Charlie and the Chocolate Factory is truly one of the most entertaining books you can read with your kids. The book is an excellent read aloud for younger children as well. There are two versions of the movie; the newer one features Johnny Depp, but some parents may find this movie to be too dark and weird for young kids, so there is always the 1971 Willy Wonka and the Chocolate Factory movie, starring Gene Wilder.

Based on the book by Lois Duncan, Hotel for Dogs is a real winner with kids, both because of the dogs and the because of the "kids save the day" plot. When their new guardians forbid 16-year-old Andi and her brother Bruce from getting a pet, they have to find a new home for their dog, Friday. Having learned to be resourceful from their time in foster care, the kids use their street smarts and talents to turn an abandoned hotel into the ultimate doggy destination for Friday and his friends.

Numerous Nancy Drew books are available, including the classic mystery series and new, updated series. These books are perfect for kids, especially girls, who are ready to dive into their first mysteries. Suspense and intrigue abound, but the stories are geared toward readers about the ages of 9-12. The movie, starring Emma Roberts, is an updated Nancy Drew story with a Nance who is fun, preppy, sweet, and comfortable in her own skin. (Rated PG, ages 8+)

Based on the book Because of Winn-Dixie, by Kate DiCamillo, the movie tells the story of 10-year-old Opal, who finally finds a friend in a dog she names Winn-Dixie, after the supermarket where she found him. Winn-Dixie leads Opal into may adventures that remind us how interesting everyday life can be for a child and her dog. Kate DiCamillo is also the author of the eloquent book that was the basis of an animated movie for kids, The Tale of Despereaux.

Based on the truly classic book by Thomas Rockwell, How to Eat Fried Worms brings to life that fateful story about a boy named Billy who made a bet with a bully. The disgusting prospect of eating worms is one thing that makes kids really dig this book, and kids can almost always relate to a good bully-defeating story. Get ready to be grossed out if you plan on reading and watching this one with your kids.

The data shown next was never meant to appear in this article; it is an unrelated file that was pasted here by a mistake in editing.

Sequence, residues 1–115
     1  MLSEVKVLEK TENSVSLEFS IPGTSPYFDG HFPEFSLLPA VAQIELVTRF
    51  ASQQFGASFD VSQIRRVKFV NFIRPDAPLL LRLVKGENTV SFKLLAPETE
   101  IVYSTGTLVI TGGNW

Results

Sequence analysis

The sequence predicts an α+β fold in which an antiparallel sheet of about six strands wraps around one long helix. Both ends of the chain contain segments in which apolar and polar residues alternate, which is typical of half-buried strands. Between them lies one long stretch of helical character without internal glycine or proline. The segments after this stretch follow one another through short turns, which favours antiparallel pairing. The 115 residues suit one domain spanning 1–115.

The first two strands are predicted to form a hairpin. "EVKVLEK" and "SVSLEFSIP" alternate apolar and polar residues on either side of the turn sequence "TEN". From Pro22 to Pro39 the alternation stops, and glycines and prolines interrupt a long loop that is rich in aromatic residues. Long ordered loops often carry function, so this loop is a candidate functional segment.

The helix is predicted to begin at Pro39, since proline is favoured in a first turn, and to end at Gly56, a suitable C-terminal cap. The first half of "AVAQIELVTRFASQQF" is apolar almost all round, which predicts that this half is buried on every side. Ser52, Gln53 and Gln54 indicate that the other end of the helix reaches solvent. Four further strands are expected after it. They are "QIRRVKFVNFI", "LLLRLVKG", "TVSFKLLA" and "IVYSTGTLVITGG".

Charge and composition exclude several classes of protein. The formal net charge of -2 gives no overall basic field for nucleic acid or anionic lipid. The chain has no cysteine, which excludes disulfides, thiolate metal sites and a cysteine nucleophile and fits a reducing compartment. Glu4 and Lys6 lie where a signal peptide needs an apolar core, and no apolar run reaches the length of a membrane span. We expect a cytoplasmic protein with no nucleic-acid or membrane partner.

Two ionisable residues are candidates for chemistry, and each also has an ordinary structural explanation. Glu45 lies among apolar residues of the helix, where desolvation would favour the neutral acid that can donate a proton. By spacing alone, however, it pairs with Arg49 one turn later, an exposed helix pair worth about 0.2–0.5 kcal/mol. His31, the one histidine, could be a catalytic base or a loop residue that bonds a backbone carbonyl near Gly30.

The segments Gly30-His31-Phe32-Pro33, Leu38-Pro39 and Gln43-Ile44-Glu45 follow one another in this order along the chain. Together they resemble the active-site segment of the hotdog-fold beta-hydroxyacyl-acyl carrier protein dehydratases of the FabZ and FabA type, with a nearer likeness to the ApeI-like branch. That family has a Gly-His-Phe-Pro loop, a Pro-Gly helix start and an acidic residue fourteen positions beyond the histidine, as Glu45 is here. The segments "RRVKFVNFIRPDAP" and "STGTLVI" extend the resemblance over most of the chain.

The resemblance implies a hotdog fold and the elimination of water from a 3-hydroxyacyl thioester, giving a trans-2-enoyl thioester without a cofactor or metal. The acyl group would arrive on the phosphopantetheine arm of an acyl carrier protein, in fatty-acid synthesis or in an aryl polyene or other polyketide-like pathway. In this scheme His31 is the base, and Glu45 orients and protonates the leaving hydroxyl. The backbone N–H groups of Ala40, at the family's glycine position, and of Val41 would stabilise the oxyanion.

Previous to making the movie Arthur and the Invisibles, director/screenwriter Luc Besson wrote a book called Arthur and the Minimoys. His inspiration for the book came from texts that a woman named Céline Garcia had written about a boy who enters a world of elves. Also inspiring to Luc were the magical illustrations of the boy and the elves by Céline's husband, Patrice Garcia. Three other book volumes followed: Arthur and the Forbidden City, Maltazard’s Revenge and Arthur and the War of the Two Worlds. Written in collaboration with Céline Garcia, the film script is based on the first two volumes of the saga.

The Grace family—Jared, his twin brother Simon, sister Mallory and their mom—have moved into Uncle Spiderwick's old house and are beginning a new chapter in their lives. Strange occurrences lead the children to discover Uncle Spiderwick's work and the magical, unseen creatures that surround the home.

The books in the Spiderwick Chronicles series are recommended for the 9-12 year-old range, but it is a fun series for parents to read to kids ages 6-8 as well. The books do contain some scary parts, so you may want to read one of them first to get an idea of the wording and imagery.

Based on the first three books in the adventurous Lemony Snicket's book series, Lemony Snicket's: A Series of Unfortunate Events tells the story of the misadventures of the three Baudelaire orphans—14-year-old Violet (The Inventor), her younger brother Klaus (The Reader) and baby sister, Sunny (The Biter). After the mysterious deaths of their parents in a fire, the three kids are sent to live with their "closest relative," the scary Count Olaf. The story, narrated by Snicket, retells the adventures of the kids in trying to escape the crazy Count and find their places in the world.

During WWII four child refugees—Lucy, Susan, Edmond, and Peter Pevensie— tearfully leave their mother to go and live in the massive old manor of an elderly professor. While playing a game of hide-and-seek, Lucy hides in an old wardrobe and stumbles through the fur coats into a snowy enchanted kingdom where they eventually rule as kings and queens.

Based on the timeless Chronicles of Narnia series by C.S. Lewis, The Lion, the Witch, and the Wardrobe is only the first installment. The second and third movies in the series are also available on DVD (rated PG, for epic battle action and violence).